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January 6, 2015
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Carrying forward business losses – Harold Leslie Amah v HMRC

The case of Harold Leslie Amah v HMRC examined whether the taxpayer could carry forward a trading losses where there was a change in the underlying profession/business being carried on.

A company or organisation may make a claim for carry-forward trade loss relief if they have made a loss in a trade, enabling them to offset the losses against future trading income of the same trade.

Facts

  • Mr Amah had been a franchisee of retail opticians Dolland & Aitchison and maintained the business on his own account.
  • Mr Amah was a dispensing optician who acquired the lenses and frames needed for the spectacles sold to customers. He employed staff and he was also responsible for the premises from which the business was operated.
  • When the franchise ceased with unrelieved losses, Mr Ammah commended self-employment as a locum dispensing optician from his home premises, undertaking work on contracts for services direct with established opticians introduced to him by an agency.
  • Mr Amah sought to carry forward £15,838 of the losses from the franchise business to the new locum business

The Case

Mr Amah argued that his profession as a dispensing optician was the basis for his franchise operation as well as for his work as a locum. He could not have performed either role without being a fully recognised member of the Association of British Dispensing Opticians and in both cases he was self-employed as a dispensing optician.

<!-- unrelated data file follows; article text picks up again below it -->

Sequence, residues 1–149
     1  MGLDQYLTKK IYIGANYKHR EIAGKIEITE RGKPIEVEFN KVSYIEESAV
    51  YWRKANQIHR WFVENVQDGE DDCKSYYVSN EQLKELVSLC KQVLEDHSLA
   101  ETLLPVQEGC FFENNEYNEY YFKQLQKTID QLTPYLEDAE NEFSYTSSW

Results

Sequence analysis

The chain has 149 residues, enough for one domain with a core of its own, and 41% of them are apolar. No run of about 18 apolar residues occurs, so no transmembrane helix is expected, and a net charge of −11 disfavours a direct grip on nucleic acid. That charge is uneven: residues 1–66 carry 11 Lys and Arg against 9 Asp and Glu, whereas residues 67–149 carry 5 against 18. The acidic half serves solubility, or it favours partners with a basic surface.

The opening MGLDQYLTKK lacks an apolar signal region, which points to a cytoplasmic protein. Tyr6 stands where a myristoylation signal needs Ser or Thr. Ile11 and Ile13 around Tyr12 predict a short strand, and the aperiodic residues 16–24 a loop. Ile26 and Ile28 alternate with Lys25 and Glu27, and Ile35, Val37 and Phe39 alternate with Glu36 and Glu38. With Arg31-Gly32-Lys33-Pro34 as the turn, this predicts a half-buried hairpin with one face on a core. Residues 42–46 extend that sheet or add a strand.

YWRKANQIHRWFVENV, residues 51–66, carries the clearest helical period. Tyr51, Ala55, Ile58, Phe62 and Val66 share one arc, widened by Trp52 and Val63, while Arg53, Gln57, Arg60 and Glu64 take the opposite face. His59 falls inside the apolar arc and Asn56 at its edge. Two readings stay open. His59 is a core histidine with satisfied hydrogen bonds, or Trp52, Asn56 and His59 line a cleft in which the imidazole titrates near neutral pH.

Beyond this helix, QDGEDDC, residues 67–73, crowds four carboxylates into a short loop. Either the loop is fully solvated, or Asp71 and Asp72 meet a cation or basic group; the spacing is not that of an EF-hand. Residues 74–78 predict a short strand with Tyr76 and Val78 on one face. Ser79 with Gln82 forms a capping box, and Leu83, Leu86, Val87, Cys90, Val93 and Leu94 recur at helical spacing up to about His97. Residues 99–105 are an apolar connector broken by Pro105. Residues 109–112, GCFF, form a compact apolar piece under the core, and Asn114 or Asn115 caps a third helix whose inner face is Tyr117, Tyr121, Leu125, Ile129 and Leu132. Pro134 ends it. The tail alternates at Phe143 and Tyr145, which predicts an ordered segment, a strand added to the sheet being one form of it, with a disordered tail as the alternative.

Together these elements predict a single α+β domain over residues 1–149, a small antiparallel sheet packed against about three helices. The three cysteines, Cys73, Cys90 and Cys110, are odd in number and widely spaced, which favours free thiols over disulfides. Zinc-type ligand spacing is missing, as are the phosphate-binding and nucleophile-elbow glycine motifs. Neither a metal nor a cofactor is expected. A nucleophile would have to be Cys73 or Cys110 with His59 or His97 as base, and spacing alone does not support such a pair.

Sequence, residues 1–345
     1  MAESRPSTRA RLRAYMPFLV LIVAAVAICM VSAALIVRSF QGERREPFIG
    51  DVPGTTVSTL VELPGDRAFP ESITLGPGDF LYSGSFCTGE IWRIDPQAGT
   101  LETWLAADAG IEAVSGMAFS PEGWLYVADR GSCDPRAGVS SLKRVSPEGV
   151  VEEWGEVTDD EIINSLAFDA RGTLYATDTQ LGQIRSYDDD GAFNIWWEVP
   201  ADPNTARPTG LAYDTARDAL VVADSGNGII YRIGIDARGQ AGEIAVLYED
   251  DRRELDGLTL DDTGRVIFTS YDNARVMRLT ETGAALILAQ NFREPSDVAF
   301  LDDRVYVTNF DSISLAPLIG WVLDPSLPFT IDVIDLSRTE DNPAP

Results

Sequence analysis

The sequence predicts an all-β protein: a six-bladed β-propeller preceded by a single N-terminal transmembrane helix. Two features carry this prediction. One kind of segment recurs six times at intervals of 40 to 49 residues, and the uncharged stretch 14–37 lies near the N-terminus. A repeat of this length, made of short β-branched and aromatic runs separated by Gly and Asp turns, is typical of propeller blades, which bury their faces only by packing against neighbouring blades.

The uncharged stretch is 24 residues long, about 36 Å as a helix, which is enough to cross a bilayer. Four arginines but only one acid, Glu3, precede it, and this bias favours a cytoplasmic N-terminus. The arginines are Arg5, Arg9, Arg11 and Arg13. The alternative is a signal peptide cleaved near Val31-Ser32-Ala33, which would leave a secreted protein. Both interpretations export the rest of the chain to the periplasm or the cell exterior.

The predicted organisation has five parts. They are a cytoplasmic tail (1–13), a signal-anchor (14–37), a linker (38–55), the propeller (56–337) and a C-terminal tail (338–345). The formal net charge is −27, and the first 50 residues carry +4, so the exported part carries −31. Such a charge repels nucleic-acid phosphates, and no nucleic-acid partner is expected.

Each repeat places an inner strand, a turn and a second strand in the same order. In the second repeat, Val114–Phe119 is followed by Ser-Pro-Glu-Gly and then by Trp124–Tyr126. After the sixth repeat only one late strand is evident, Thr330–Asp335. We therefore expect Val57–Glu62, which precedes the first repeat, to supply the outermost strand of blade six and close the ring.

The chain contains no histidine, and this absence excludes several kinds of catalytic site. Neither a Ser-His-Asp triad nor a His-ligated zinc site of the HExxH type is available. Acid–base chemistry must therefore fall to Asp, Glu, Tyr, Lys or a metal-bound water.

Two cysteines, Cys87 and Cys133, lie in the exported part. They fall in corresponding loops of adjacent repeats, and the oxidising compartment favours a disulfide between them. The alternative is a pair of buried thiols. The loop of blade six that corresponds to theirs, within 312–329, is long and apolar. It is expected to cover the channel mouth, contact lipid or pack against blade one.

In response to these arguments, HMRC pointed to the change of location of Mr Amah’s activities, the time gap between him ceasing employment with Dolland & Aitchison and the commencement of his employment as a locum and the disparate nature of the two businesses.

It was claimed that Mr Amah’s customer base with Dolland & Aitchison was wholly different from his customer base when working as a locum. While at Dolland & Aitchison the customers had been people who needed spectacles, the new customers were the opticians for whose firms Mr Amah worked.

HMRC argued that by reason of its commercial character, the Dolland & Aitchison franchise was a trade rather than the practice of a profession. By contrast, Me Amah’s locum work is accepted as the carrying on of a professional activity, and could not be regarded as a trade.

Conclusion

The tribunal stressed that this was not a question of whether Mr Amah set up a new business, but rather whether it was a new profession.

Mr Amah lost the case, and the tribunal found that Mr Amah's conduct at Dolland & Aitchison was carrying on a trade and not the practice of a profession.

The factors that the tribunal considered to very clearly indicate that his business activities were not a continuation of his profession at Dolland & Aitchison are detailed below:

i)                    There was a space of two months between the closure of the franchise and before Mr Amah took up work as a locum

ii)                   There was a change from a fixed location to an unpredictable variety of locations

iii)                 On termination of the franchise agreement, Mr Amah was prohibited from setting up a business in competition with Dolland & Aitchison within one mile. He also agreed not to act for previous Dolland & Aitchison customers for a period of 24 months

iv)                 There was a change in customer from individuals who were buying spectacles in the context of professional eye care to businesses which were seeking professional assistance

v)                  The franchise agreement was overwhelmingly expressed in the terms of a trade.

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